Rendering: Kohn Pedersen Fox Associates
Who would have thought a megatall skyscraper could have an inferiority complex? No, the Burj Khalifa is not buying a Ferrari (although it probably houses many), but the 163-story structure may one day pale in comparison to a mile-high skyscraper proposed for Tokyo.
Kohn Pedersen Fox Associates and Leslie E. Robertson Associates have submitted a joint-proposal for a 5,577 foot (1,700 meter) tower to be constructed in Tokyo Bay. The structure is hexagonal and features six “building legs” for increased stability and wind resistance. There are a number of sky decks and vertical slots to disperse the wind, or allow it to pass through completely.
Around its base, a series of hexagon-shaped islands will help to protect the Sky Mile Tower from rising sea levels, seismic activity, typhoons and flooding. The islands vary in size, between 500 to 5,000 feet wide, and will serve as freshwater reservoirs, urban farming plots and public beaches. Ships are able to pass between them, meaning there will be minimal disruption to the bay.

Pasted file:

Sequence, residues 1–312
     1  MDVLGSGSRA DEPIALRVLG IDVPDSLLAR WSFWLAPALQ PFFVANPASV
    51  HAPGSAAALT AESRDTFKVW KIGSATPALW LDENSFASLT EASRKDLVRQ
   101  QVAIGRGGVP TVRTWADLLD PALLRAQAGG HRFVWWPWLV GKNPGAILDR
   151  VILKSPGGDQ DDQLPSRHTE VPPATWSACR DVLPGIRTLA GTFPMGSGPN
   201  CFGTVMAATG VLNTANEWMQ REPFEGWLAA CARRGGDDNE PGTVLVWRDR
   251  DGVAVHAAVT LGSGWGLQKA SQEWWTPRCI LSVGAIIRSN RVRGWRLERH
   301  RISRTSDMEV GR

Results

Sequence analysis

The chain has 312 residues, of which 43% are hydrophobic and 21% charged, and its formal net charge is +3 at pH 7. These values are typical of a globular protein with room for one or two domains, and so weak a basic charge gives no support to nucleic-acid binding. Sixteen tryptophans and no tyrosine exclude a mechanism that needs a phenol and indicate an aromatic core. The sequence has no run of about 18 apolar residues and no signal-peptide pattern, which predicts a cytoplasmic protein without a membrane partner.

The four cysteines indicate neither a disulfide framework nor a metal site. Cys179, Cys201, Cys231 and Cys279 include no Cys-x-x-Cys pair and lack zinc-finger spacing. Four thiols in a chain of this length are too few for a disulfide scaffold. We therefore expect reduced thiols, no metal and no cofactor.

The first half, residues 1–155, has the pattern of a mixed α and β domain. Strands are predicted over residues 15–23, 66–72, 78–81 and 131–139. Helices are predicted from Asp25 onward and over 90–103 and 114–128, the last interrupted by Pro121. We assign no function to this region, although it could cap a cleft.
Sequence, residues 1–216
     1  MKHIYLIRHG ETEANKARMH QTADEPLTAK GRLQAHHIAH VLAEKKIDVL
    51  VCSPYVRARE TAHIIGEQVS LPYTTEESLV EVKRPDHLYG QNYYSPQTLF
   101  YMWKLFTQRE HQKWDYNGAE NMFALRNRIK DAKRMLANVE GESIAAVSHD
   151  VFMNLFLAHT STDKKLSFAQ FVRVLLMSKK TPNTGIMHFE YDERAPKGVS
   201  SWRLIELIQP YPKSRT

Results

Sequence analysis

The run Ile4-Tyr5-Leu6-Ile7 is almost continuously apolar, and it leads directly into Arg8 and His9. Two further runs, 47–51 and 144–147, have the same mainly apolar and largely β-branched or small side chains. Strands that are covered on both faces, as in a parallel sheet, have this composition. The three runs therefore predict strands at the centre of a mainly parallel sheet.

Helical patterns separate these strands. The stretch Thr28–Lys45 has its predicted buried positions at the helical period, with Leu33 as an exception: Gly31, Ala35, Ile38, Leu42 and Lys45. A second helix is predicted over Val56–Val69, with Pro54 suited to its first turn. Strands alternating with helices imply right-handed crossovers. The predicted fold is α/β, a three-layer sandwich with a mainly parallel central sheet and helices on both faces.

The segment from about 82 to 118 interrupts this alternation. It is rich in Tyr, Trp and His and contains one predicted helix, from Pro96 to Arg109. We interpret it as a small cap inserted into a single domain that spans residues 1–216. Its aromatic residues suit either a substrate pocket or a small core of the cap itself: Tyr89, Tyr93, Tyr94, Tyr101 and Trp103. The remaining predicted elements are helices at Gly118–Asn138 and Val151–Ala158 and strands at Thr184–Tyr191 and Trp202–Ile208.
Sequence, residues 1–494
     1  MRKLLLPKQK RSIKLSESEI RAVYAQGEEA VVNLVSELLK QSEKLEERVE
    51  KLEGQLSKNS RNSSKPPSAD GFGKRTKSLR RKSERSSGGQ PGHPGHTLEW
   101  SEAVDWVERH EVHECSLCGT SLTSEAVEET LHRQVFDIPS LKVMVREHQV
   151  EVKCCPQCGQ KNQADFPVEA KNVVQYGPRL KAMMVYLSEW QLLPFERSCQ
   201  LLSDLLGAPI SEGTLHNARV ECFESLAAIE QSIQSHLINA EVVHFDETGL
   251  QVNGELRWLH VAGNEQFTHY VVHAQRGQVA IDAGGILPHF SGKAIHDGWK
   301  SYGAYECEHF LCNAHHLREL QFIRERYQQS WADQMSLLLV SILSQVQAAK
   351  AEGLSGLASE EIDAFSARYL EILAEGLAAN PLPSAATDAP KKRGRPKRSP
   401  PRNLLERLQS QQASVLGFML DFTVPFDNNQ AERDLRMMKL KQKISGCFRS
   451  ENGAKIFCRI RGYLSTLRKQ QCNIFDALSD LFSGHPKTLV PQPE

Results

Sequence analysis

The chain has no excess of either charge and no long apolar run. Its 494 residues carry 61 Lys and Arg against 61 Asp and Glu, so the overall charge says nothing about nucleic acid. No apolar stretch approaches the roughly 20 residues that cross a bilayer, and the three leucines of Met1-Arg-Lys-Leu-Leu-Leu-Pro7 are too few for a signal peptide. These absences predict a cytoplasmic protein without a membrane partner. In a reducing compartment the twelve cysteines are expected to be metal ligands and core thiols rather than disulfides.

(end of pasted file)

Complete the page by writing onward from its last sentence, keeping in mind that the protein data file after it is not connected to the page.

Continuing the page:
Sky Mile Tower will feature five residential zones, housing up to 55,000 people. There will also be hotels, shops, restaurants, libraries, fitness centers and health clinics. Sustainable features of the design include heat recovery ventilation and a water collection system in which it is treated and stored on-site, and then distributed by gravity.
The tower proposal is part of a larger development project called Next Tokyo, which would see a mega city built on reclaimed islands in Tokyo Bay. Aimed at increasing density and combatting the effects of climate change, the islands would be connected by a Hyperloop (Elon Musk’s futuristic transit system) and house upwards of 500,000 people.
If approved, Sky Mile Tower is expected to be completed by 2045. Check out more renderings of the behemoth below:
Renderings:Kohn Pedersen Fox Associates